Electrical Safety Council Launches New Smartphone App For Homeowners

The Electrical Safety Council has launched a new smartphone app to help homeowners complete some simple but important visual safety checks inside and outside their home.

Established in 1956, the Electrical Safety Council is an independent charity in the UK that is dedicated to keeping the British Public safe by helping reduce the number of electrical accidents that occur in our homes and at the places where we work by promoting safety and good practices regarding everything related to electricity.

It is frightening to hear in the UK alone, there is on average 70 deaths a year, as well as 350,000 serious injuries and 21,000 fires caused by electrical accidents.

Taking advantage of the enormous growing trend of smartphone users, which already stands at more than 50% (a figure set to rise to 90% by 2016), the Electrical Safety Council opted to ride the wave of one of the most popular technologies used today by creating a useful app.

However, the ‘Home Electrical Safety Check’ app is not the first app the company have created, only in May 2012 the Electrical Safety Council launched their ‘Safe Isolation’ app, which allows electrical engineers and electricians to access important information while they are working, which is all about how to help keep themselves and others safe.

The ‘Home Electrical Safety Check’ app on the other hand is aimed purely at homeowners taking them through a series of quick, visual checks to ensure their homes are electrically safe.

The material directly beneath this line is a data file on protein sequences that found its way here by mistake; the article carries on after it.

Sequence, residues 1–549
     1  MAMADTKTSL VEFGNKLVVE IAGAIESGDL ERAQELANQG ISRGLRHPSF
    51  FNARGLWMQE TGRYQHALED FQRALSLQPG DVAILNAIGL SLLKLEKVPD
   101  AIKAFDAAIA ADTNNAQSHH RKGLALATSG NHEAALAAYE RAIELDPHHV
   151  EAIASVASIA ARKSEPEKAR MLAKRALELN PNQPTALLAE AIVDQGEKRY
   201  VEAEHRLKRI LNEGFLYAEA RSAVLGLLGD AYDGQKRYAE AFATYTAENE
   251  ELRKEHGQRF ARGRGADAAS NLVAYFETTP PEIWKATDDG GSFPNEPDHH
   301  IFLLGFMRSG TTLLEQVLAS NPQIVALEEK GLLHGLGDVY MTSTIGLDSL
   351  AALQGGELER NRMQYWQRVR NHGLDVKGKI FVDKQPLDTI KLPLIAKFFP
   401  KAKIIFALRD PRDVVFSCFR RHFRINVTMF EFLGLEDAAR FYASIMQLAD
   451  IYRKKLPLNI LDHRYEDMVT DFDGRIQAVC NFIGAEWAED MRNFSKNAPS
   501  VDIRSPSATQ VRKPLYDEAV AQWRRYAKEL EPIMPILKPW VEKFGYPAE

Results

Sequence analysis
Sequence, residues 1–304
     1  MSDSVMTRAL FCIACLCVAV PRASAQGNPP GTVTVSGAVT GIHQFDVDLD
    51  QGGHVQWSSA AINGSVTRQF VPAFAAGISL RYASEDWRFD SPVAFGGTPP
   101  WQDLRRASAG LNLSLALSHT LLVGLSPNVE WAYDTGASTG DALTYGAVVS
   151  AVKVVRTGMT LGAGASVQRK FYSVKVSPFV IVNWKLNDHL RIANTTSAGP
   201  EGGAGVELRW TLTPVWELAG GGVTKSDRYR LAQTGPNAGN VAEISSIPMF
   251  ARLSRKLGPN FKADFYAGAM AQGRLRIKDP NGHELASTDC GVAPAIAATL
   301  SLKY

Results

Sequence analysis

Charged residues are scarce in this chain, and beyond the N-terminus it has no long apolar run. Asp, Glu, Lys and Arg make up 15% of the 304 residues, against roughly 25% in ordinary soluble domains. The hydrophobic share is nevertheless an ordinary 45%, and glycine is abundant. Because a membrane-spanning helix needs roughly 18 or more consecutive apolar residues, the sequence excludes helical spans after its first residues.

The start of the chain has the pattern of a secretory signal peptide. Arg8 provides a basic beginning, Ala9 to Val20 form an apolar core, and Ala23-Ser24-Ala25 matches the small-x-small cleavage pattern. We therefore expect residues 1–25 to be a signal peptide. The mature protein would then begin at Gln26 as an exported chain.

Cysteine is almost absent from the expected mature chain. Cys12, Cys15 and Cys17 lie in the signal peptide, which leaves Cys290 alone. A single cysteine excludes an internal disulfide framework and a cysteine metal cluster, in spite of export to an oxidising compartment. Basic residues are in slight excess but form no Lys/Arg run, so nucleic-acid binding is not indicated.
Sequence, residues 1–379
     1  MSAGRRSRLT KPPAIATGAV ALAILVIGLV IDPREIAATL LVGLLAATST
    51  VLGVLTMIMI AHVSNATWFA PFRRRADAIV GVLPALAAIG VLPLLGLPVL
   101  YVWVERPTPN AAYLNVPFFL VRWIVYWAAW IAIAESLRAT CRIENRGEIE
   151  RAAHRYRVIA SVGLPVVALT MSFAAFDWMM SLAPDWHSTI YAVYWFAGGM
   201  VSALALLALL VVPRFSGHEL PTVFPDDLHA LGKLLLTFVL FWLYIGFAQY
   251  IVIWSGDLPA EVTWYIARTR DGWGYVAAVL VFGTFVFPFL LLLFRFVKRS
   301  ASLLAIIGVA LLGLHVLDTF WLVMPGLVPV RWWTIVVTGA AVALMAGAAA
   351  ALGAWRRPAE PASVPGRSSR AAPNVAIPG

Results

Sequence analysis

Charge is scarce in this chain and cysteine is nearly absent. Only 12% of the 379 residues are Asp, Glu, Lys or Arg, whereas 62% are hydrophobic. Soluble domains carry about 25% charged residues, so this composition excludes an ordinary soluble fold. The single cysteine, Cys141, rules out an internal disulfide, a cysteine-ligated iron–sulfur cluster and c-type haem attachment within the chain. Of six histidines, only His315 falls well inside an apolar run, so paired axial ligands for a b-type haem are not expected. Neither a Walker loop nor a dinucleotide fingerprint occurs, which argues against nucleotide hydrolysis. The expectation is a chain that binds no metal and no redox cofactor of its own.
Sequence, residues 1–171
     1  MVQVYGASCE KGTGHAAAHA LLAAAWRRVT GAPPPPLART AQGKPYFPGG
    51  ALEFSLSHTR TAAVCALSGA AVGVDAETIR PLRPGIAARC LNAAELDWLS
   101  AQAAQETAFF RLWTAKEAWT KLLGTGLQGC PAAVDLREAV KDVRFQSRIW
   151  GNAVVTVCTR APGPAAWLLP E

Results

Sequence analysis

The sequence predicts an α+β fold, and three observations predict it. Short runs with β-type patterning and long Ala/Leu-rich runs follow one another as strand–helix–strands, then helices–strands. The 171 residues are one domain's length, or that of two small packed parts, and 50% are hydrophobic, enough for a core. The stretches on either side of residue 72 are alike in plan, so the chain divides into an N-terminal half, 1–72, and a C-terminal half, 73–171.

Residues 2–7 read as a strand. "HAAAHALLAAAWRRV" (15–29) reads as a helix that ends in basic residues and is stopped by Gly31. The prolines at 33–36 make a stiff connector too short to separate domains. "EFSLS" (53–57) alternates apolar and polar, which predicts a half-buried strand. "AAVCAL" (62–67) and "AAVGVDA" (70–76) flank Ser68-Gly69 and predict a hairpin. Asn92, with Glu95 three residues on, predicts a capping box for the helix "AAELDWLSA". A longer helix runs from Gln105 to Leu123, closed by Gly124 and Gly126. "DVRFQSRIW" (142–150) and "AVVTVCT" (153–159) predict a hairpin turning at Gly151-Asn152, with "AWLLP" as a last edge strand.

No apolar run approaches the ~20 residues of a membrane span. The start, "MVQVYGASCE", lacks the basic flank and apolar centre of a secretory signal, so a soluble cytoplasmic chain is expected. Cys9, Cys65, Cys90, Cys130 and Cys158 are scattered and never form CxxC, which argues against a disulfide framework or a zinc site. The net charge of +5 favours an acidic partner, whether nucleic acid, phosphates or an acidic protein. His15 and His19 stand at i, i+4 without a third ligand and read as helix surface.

Smartphone Application

Photo Credits: http://www.flickr.com/photos/liewcf/3547131277/

How it works?
The app is super quick to download and once installed on your device it is very easy to use.

Essentially there a 6 key areas:
1. the basics, 2. living room, 3. kitchen/utility room, 4. bathroom, 5. bedroom, 6. garden/shed/garage.

The basics section covers the core components starting with the Fuse box and gives details on how regularly it should be inspected depending on whether you rent the property or own and occupy it. There are also instructions for checking the type of fuse box you have within your home to know whether it needs to be upgraded to include the latest safety technology such as an RCD (residual current device).

The other components that make up ‘the basics ‘ section feature throughout each of the other areas as they are components found throughout a home such as cables, plugs and sockets, light fittings and electrical appliances.

Whilst the app does suggest some checks that to most will be obvious there are also some other really useful tips that are not so commonly known such as not using the top of a microwave to store things on or to check no pictures in the living room have been hung over a light switch which could be potentially dangerous with electrical cables running behind the wall, as well as gas and water pipes.

The app is designed as a checklist, so the user literally ticks any items that are not quite as they should be in and around the home. Once all the checks are complete the user can then view all their flagged items that need attention.

Some items might require simple changes to rectify the problem which can be completed by the homeowner. For those items that are more serious, then the app displays a sign to recommend getting a qualified, registered electrician in to advice in such instances.

Overall the app is easy to use and quickly highlights any issues a homeowner needs to rectify to help improve the safety of the home for them and their loved ones.

Simon Colley writes for Builder Guide, a leading UK resource to get free quotes from trusted trade professionals such as plumbers, decorators and local electricians.

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